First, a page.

Don SANFORD; Noreen Sanford; Don's Crumble Beef Sandwich Shoppe, LLC, formerly known as Maid–Rite of Crossroads, LLC; Paula Quam; Donavon Quam; Detroit Lakes Maid–Rite, LLC; Scott Suhr; Roxanna Suhr; ROSCO, LLC; Randolph Shermo; Cindy Shermo; Dana Rosenberg; Evan & Dana's Maid–Rite, LLC; Evan & Dana's Maid–Rite II, LLC; Vance Skinner; Brendan Barrett; Skinner–Barrett Enterprises, Inc.; Marvin Collier; Cynthia Collier; Allison Collier; Collier Family Maid–Rite Diner, Inc.; RACI, Inc., Plaintiffs–Appellees v. MAID–RITE CORPORATION; Bradley L. Burt; Tania Burt, Defendants. Larkin, Hoffman, Daly & Lindgren, Ltd., Movant–Appellant. Minnesota Defense Lawyers Association, Amicus on Behalf of Appellant.
Larkin, Hoffman, Daly & Lindgren, Ltd. (Larkin) was retained to represent Maid–Rite Corporation (Maid–Rite), Bradley L. Burt, and Tania Burt in this franchise dispute. Larkin moved to withdraw as counsel after the franchisor failed to pay for its legal fees and to provide important information related to its defense. The district court denied Larkin's motion and the firm appeals. We reverse.
Current and former franchisees and their owners filed this action in 2013 against franchisor Maid–Rite, its President and CEO Bradley L. Burt, and Executive Vice President Tania Burt. Plaintiffs allege that defendants made unlawful representations regarding the company's profitability that induced them into purchasing franchises and opening Maid–Rite restaurants. Plaintiffs allege losses in excess of $4 million.
Defendants retained Larkin as counsel in September 2014 and agreed to the terms of its engagement letter and general conditions of representation which explained that defendants “would be billed on a regular basis, usually monthly, for the services performed and costs incurred” and that “[i]nvoices would be payable upon receipt .” Defendants also agreed that Larkin “reserve[d] the right to withdraw from this representation for good cause” which could include “failure to pay amounts billed in a timely manner” and “failure to cooperate or follow [Larkin's] advice on a material matter.”
Larkin sent invoices to defendants every month from September 2014 through January 2015. Although defendants paid the September invoice, they failed to make any subsequent payments. Larkin repeatedly advised them that the firm would seek to withdraw unless their outstanding bills were paid. Although defendants promised several times to pay the invoices, they did not and a significant unpaid balance resulted. Defendants also repeatedly failed to provide Larkin with information critical for its defense.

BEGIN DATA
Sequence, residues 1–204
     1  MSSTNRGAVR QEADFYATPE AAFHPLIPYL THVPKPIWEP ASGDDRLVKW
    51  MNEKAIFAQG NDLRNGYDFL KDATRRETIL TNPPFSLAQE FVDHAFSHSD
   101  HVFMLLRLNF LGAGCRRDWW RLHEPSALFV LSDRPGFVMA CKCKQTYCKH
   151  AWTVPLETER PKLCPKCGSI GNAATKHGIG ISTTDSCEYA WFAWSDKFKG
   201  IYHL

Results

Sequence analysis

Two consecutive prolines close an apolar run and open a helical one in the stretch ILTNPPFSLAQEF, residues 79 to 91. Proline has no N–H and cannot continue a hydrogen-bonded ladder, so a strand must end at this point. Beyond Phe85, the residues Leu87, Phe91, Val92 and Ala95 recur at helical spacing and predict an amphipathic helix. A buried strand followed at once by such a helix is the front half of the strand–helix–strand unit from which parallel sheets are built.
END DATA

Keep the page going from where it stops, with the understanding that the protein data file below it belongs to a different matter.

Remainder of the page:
As a result, Larkin moved to withdraw on January 28, 2015. This was over six months prior to the close of discovery and more than one year before the earliest possible trial date. The motion was denied without prejudice on March 6, 2015 because defendants had not yet secured substitute counsel, communication had not entirely broken down, and withdrawal would delay the case. On April 16, 2015 the magistrate judge stayed discovery while the district court considered the motion. The district court affirmed on June 5, 2015, and Larkin filed this interlocutory appeal. On July 20, 2015 the firm's motion to stay pending its interlocutory appeal was granted.
We have “jurisdiction of appeals from all final decisions of the district courts of the United States” under 28 U.S.C. § 1291. There are, however, a “small class” of cases which are considered “final” even though they do not end the litigation. See Cohen v. Beneficial Indus. Loan Corp., 337 U.S. 541, 545–47 (1949). In order to fit within the Cohen exception, an order must “ conclusively determine the disputed question,  resolve an important issue completely separate from the merits of the action, and  be effectively unreviewable on appeal from a final judgment.” Coopers & Lybrand v. Livesay, 437 U.S. 463, 468 (1978).
The district court's order denying Larkin's motion to withdraw satisfies each of these three requirements. First, it conclusively determined whether the firm must continue to represent its client. Whiting v. Lacara, 187 F.3d 317, 320 (2d Cir.1999). Second, the withdrawal issue was “completely separate from the merits of the underlying action.” Id.; see also Brandon v. Blech, 560 F.3d 536, 537 (6th Cir.2009). Finally, the order would have been unreviewable on appeal from a final judgment because “having to go through trial is itself a loss of the right involved.” Whiting, 187 F.3d at 320; see also Brandon, 560 F.3d at 537. Further, every circuit court to consider the issue has concluded that the denial of a motion to withdraw is an appropriate basis for an interlocutory appeal. See, e.g., Ohntrup v. Makina Ve Kimya Endustrisi Kurumu, 760 F.3d 290, 293 (3d Cir.2014); Brandon, 560 F.3d at 537; Fid. Nat'l Title Ins. Co. v. Intercounty Nat'l Title Ins. Co., 310 F.3d 537, 539–40 (7th Cir.2002); Lieberman v. Polytop Corp., 2 Fed. App'x 37, 38 (1st Cir.2001); Whiting, 187 F.3d at 320.